Ultrasound contrast agent (microbubbles) is widely used to enhance the reflectivity of perfused tissues in clinical ultrasonography. Moreover, later researches focus on its potential therapeutic effect. The application of ultrasound to small vessels containing microbubbles can change blood vessel wall permeability, resulting in the extravasation of particles into the interstitial space . In addition, UTMD has the potential to change the microenvironment , release the transported substances into target organ to repair damage tissue , and promote stem cells homing . Currently, the majority of researchers consider that the interaction of ultrasound pulses with these gas bodies is a form of acoustic cavitation  and has successfully applied for blood vessels , skeletal muscle , heart , lung , liver , and tumors . UTMD directed expression of an adenoviral reporter and was applied to selectively deliver plasmid vectors to the heart in vivo . The transfection efficiency of cells in vitro was increased under the optimal UTMD conditions . Lan et al. transferred a doxycycline-regulated Smad7 gene into the kidney using an ultrasound-microbubble-mediated system, specifically blocked TGF-β signaling and inhibited renal fibrosis in a rat unilateral ureteral obstruction (UUO) model . Yu et al. suggested that the combined use of microbubble and high-intensity focused ultrasound (HIFU) improved the therapeutic efficiency of HIFU in rabbit kidney study . Microbubble destruction by ultrasound gene transfection treatment (1.0 W/cm2) promoted renal recovery in acute kidney injury in rats . So far, no studies have been reported whether this technique provides an equal contribution to diabetic kidney disease which acts as a complication of primary disease. Based on the above facts, we propose the hypothesis that UTMD is feasible for increasing the target transplantation of MSCs to kidney and promoting renal repair in diabetic nephropathy.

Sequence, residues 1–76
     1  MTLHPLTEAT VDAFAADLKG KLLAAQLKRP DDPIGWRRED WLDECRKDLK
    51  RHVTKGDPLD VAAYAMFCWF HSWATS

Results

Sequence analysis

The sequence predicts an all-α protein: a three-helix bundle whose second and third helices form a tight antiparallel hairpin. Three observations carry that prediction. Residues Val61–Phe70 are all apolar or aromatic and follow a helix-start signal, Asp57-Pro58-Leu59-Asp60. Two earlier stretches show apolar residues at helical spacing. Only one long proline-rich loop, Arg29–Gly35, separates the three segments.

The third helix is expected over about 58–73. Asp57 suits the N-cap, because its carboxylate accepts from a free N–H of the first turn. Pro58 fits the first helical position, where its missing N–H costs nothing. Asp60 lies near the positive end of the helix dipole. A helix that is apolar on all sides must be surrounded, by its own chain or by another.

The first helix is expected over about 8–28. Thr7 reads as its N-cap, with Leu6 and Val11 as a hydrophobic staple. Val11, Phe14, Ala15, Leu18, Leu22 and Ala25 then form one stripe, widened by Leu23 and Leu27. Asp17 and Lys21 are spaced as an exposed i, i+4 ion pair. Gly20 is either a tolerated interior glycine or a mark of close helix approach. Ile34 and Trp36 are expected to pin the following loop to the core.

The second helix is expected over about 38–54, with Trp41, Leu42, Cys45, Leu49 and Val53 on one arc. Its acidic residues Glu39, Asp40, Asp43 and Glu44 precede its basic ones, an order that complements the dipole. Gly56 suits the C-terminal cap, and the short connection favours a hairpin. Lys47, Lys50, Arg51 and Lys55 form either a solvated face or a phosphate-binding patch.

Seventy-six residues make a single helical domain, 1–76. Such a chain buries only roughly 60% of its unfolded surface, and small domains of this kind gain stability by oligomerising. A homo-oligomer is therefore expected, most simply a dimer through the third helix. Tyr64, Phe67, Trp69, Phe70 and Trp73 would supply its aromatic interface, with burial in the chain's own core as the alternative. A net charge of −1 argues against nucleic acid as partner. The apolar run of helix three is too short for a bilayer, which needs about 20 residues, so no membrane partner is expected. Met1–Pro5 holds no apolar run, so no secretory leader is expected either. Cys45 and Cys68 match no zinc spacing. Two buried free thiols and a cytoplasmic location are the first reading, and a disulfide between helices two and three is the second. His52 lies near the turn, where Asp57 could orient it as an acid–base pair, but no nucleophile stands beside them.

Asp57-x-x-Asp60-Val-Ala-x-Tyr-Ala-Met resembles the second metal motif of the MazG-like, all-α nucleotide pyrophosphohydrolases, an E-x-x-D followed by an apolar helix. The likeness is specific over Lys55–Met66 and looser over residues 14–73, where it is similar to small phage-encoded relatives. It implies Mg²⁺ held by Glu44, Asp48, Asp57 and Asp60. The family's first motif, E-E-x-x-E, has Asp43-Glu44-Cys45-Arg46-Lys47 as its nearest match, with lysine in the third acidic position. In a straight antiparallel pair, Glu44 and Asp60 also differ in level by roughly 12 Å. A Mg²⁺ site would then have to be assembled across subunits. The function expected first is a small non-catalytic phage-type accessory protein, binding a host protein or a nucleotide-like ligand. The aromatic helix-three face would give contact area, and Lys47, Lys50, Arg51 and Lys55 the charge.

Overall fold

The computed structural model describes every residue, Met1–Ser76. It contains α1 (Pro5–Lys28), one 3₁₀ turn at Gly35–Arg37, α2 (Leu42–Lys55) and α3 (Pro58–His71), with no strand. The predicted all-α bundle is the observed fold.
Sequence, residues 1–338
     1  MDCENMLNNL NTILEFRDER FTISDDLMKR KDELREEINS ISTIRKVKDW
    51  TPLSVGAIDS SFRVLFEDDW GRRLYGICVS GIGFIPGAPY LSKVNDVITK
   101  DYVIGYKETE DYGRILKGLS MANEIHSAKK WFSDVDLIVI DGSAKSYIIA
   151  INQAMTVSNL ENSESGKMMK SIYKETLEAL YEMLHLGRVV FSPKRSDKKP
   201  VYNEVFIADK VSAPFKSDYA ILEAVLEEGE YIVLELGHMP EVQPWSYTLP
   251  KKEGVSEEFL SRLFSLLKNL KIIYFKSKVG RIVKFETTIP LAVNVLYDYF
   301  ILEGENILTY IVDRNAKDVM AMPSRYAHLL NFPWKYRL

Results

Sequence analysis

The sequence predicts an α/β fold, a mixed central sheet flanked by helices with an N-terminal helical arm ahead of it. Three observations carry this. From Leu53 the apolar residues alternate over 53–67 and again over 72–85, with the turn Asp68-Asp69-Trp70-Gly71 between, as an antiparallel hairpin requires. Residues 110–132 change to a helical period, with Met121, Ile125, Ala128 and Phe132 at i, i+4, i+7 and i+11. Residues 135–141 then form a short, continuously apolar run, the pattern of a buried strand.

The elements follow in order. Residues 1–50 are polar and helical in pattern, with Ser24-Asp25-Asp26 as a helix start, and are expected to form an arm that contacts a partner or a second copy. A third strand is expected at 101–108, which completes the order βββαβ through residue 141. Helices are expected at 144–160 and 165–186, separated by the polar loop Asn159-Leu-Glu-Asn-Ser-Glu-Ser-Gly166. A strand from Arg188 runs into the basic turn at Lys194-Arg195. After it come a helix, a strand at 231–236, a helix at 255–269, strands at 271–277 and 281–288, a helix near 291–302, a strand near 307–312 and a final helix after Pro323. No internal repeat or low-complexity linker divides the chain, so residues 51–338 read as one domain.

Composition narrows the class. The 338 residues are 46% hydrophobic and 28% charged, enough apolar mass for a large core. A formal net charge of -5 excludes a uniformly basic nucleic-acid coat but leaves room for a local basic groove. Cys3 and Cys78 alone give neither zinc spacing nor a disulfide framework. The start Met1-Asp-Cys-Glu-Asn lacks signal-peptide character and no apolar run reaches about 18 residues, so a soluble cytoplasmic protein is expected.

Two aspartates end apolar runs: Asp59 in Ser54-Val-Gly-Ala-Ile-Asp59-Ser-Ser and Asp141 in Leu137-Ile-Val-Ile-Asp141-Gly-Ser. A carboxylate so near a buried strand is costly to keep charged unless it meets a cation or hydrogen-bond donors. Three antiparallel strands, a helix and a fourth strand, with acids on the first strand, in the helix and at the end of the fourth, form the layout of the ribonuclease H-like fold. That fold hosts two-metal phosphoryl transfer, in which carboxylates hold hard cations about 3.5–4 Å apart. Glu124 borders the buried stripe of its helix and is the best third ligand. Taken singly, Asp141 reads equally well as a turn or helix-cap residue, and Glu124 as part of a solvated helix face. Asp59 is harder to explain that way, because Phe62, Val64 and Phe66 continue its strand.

To test this hypothesis, MSCs ( cells) were administered alone or together with UTMD to DN rats at 4 weeks after diabetes onset. Normal nondiabetic rats were as those of control group. We then evaluated blood glucose concentrations, plasma insulin levels, UAER values, and the structure of kidney and pancreas, traced MSCs homing, accessed VCAM-1 levels after UTMD, and detected the levels of TGF-β1, IL-10, and synaptopodin after MSCs transplantation.
2. Materials and Methods
All Sprague-Dawley (SD) rats were provided by the Center for Experimental Animals of the Third Military Medical University. The experiments were approved by the Animal Care and Use Committee of Third Military Medical University. Rats were housed in wire cages with free access to a standard diet and tap water. The temperature and relative humidity of the animal facility were maintained under conventionally controlled conditions (22°C, 55% humidity) with a day-night rhythm.
2.2. Isolation and Culture of BM-MSCs
Three-week-old male SD rats were sacrificed by cervical dislocation. Bone marrow cells were obtained from femurs and tibias. After isolation and centrifugation, cells were cultured (37°C, 5% CO2) at a density of nucleated cells/cm2 with DMEM/F12 (Hyclone, Logan, UT, USA) medium containing 10% inactivated fetal bovine serum (Gibco, USA), 100 U/mL penicillin and 100 mg/mL streptomycin antibiotic solution (Gibco, USA). Medium was changed and nonadherent cells were removed after 72 hours. Adherent cells reaching 80% confluence were passaged with 0.25% trypsin-EDTA solution (Gibco, USA) and then subcultured in DMEM/F12 medium with 10% inactivated fetal bovine serum, 100 U/mL penicillin, and 100 mg/mL streptomycin antibiotic solution (complete medium).
2.3. Adipogenic, Osteogenic, and Chondrogenic Differentiation of MSCs
Adipogenic differentiation was induced by culturing MSCs with 10 nM dexamethasone (Sigma) and 5 μg/mL insulin (Sigma) for 7 days with medium change every 3 days. The intracellular lipid droplets were easily observed by phase-contrast microscopy and assessed using Oil Red O (Sigma) staining.
Osteogenic differentiation was induced by culturing MSCs with 10 nM dexamethasone (Sigma), 50 μg/mL ascorbic acid (Sigma), and 10 mM β-glycerol phosphate (Sigma) for 2 weeks with medium change every 3 days. The calcium deposits were stained with alizarin red S.